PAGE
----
• Prostitution Law Reform in Canada by John Lowman, School of Criminology, Simon Fraser University — This paper is a follow-up to an article on Canadian prostitution law published in the Comparative Law Review that described the events leading up to the enactment in December 1985 of a new street prostitution control measure which prohibits communicating in a public place for the purpose of buying or selling sexual services. The paper concluded that the communicating law did not have the salutary effect its designers promised because they misdiagnosed the problems they were trying to solve.

  • Prostitution and Male Supremacy by Andrea Dworkin — If you have been in prostitution, you do not have tomorrow in your mind, because tomorrow is a very long time away. You cannot assume that you will live from minute to minute. You cannot and you do not. If you do, then you are stupid, and to be stupid in the world of prostitution is to be hurt, is to be dead. No woman who is prostituted can afford to be that stupid, such that she would actually believe that tomorrow will come.

  • Prostitute's Education Network — The Prostitutes' Education Network is an information service about legislative and cultural issues as they effect prostitutes and other sex workers. The service is comprised of information for sex workers and activists/educators who study issues of decriminalization, human rights in the context of prostitution, violence against prostitutes and women, sex workers and pornography, as well as current trends in legislation and social policy in the U.S. and internationally.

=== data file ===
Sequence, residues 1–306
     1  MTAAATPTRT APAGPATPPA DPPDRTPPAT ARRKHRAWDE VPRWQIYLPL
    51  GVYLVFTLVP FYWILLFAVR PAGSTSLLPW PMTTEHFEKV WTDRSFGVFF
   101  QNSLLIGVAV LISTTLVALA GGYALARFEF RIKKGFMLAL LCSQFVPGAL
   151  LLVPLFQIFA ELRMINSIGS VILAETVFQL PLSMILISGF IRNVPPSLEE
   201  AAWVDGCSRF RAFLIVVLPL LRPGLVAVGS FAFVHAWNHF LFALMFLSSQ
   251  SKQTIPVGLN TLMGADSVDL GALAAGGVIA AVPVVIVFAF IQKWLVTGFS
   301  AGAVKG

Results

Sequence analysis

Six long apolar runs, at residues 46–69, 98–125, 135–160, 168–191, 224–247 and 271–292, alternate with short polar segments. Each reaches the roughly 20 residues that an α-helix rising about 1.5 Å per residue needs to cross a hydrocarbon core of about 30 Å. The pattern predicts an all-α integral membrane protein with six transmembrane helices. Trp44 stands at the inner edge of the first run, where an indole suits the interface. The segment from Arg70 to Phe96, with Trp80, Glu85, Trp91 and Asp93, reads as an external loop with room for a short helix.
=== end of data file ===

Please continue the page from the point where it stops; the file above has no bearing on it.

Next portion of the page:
• Prostitution Research & Education — A sponsored project of San Francisco Women's Centers, a nonprofit corporation

  • San Francisco Task Force on Prostitution Report — "The traditional practice of dealing with prostitution as a law and order issue is costly and simply does not work. The Task Force creates a forum in which everyone who is impacted in whatever way by prostitution can sit together and come up with solutions that work for San Francisco." — Terence Hallinan, San Francisco Supervisor/Sponsor of Prostitution Task Force

  • Sex Workers' Rights, Human Rights: The Impact of Western Australian Legislation On Street Based Sex Workers (Elaine Dowd) —Women's rights to safety and security are abused or ignored in countless ways, both within and between international borders. In some instances, most or all of the women living under a specific regime are denied basic rights whilst other harms result from a globalised economy in which women's inferior status and diminished power are synonymous with extreme poverty. Amnesty International Australia (2002) acknowledges that large numbers of women are at risk of gender-based discrimination and violence, often resulting in death. However, it is essential that efforts to reveal these abuses do not obscure those of a lesser magnitude and those thsat are entrenched within our own society.

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Websmithing by Keith Eric Grant —The RamblemuseSM, 15 November 2005
The information on this page was collected for use and free dissemination — Do It!